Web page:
You are ten times BIGGER than you think
This story illustrates ways in which you are ten times better than you think. You are a whole lot bigger. In many cases, up to ten times bigger. If you are anything like the man in this story, you might be 500 times bigger.
I tell you this unremarkable story to go a little beyond normal petty ‘talks’ and articles about goal setting and visualisation. It’s also a different perspective from the typical rhubarb about the so-called ‘law of attraction’. I find all that stuff very small minded.
LESSON 1: Ten times bigger is a hard think for some.
I recently spent time with my second cousin Bill over an Easter long weekend. We spoke a lot about our mutual great great grandfather, James Cobbledick, born in 1810.
He emigrated from Devon in 1839, embarking on the three or four month sea voyage to South Australia on HMS City of Adelaide.
He had time on board to carve an elaborate ivory handled walking stick which is in the dungeons of the SA Museum.
He had time to think. I wonder what he thought about.
You don’t get bigger straight away
His was a bigger decision than anyone in his village was making, to head out to the great unknown world from the tiny village of Wembley in Devon. A BIG decision. Rough seas, sea sickness, possible ship-wreck, on-board disease, uncertain food supplies in the new colony, dangerous (as they thought) ‘natives’, loneliness, and nothing but his own wits with which to get ahead.
Being a mere mortal he must have wondered what lay ahead of him. I doubt he had Bill or me in his mind. He must have reminisced about home and family left behind. Like all of us, he had no idea about the effects of his adventure. But one thing is for sure, although an ordinary unskilled labourer, he was an adventurer and a bigger-than-normal thinker.
When he arrived, he took up work as a farmhand and gardener with the Police Magistrate, Captain O’Halloran.
Two years later, a young couple (Mr and Mrs John and Lucy Palmer) arrived with promise of work with Captain O’Halloran, but soon after setting up home, John died.
Within two years James and Lucy were married. I can’t imagine that they thought any more about life than putting one foot in front of the other and managing their subsistence. In time they moved to become famers at Uraidla in the Adelaide Hills. See? Just a step at a time.
Great oaks from little acorns grow
James and Lucy had seven children.
James sold his produce in the East end of Adelaide near today’s Botanic Gardens on market days.
LESSON 2: Think beyond your own life-time
180 (bigger)years later. How often have I wandered through the magnificent Adelaide Botanic Gardens gardens and wondered who’d had the foresight to lay them out and plant so many grand trees under whose shade they would most likely never sit. I have wondered many times what kind of people they were, let alone who they were.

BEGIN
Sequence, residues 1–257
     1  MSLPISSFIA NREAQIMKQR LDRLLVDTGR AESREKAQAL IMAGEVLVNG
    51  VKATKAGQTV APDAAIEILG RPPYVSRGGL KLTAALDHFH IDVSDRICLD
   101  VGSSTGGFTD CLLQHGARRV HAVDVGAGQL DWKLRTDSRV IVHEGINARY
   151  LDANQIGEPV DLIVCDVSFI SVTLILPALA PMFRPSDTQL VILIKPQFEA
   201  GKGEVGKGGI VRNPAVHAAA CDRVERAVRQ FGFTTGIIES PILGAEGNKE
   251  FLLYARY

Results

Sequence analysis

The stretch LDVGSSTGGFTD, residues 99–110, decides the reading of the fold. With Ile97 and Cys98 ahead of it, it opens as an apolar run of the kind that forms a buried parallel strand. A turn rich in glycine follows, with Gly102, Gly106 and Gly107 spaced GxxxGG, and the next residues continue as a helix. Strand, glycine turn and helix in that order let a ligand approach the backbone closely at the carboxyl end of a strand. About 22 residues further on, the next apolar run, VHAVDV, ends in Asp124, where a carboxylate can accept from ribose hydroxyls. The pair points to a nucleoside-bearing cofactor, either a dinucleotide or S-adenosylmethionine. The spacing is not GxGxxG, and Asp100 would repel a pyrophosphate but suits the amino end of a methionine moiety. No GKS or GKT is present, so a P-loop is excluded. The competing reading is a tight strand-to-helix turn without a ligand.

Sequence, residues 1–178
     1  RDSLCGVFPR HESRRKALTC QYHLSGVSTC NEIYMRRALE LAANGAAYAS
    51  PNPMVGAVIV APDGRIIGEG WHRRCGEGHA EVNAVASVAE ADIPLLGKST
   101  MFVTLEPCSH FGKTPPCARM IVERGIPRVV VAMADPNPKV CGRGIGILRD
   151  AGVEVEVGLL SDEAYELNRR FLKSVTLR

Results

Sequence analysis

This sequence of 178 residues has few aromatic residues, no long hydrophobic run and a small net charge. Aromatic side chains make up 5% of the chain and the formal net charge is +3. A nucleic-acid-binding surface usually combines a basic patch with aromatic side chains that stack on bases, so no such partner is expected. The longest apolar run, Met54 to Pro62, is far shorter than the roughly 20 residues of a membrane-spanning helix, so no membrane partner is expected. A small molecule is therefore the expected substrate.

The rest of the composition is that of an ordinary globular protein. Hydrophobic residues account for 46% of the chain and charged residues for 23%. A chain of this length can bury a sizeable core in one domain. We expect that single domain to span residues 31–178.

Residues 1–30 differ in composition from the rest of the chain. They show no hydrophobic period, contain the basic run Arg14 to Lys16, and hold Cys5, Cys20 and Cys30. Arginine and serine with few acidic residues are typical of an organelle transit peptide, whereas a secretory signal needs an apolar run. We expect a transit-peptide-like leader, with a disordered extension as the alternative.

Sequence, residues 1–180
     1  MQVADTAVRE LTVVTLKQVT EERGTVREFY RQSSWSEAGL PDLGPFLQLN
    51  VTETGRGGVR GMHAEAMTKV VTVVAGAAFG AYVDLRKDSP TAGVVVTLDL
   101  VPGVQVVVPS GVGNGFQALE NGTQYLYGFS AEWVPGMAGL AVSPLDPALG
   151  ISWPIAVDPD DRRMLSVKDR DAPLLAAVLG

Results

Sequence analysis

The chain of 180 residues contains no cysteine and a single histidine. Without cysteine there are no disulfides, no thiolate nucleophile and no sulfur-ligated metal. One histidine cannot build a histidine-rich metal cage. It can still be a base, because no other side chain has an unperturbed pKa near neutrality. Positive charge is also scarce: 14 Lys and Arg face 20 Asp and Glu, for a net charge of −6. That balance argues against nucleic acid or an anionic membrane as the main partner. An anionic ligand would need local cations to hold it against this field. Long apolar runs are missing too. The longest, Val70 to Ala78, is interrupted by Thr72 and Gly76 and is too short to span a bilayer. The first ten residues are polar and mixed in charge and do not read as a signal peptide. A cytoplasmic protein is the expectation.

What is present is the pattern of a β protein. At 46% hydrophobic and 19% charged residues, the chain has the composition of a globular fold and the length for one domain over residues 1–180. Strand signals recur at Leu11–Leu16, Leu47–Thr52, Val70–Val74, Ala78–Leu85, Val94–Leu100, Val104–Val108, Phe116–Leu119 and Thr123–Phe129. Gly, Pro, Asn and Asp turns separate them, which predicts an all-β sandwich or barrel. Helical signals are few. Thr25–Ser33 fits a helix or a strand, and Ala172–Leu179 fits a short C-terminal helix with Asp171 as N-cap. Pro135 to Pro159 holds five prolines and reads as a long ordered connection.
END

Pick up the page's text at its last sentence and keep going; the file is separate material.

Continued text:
Imagine my unbounded joy when cousin Bill read me this account.
James was invited to join a committee with the designer George Francis to lay out and plant the Adelaide Botanic Gardens. James hauled rich soil from the hills to give the gardens a good start.
Wha-a-a-a-a-t? My great great grandfather was one of the heroes of the Gardens? Talk about great oaks growing from little acorns!
TALK ABOUT BEING TEN TIMES BIGGER THAN YOU THINK!
And the children? Those seven children turned into countless hundreds. Bill and I are two of them. My four children and five grandchildren are nine more. Bill and his sister Helen added six more children and in turn eight or more grandchildren.
We traced back to our mutual great grandfather and lost count of his descendants at 70 and went to bed. There are more. Each of his siblings produced about as many descendants. And that doesn’t take into account the descendants of his uncles and aunts – his cousins (the children of the original James and Lucy).
Among that vast number are (so far as we could recall) teachers, farmers, market gardeners, business owners, millionaires, writers, chairmen of councils, Justices of the Peace, actors, television actors, singers, bank managers, electrical engineers, firemen, tennis champions, fishermen, wool merchants, hairdressers, designers, mums, dads, grandmas and grandpas. There’s even a Hippie. And we can say very happily that they are all pretty good people.
LESSON 3: Think!Your life might not be about you!
How many trees, flowers and orchards – or whatevers are in your future, hiding away there to become ten times bigger than you think?
How many wonderful descendants are in your future, hiding away there to become ten times bigger than you think?
Your life might not all be about YOU, you know—your income, your retirement, your luxury holidays, your house, your investments, your fame, your glory, your depression, your loss, your sadness, your self-doubt, your fear. You might be here like James Cobbledick, having only one or two purposes, just a seed planter. There’s big joy in that; ten time bigger at least.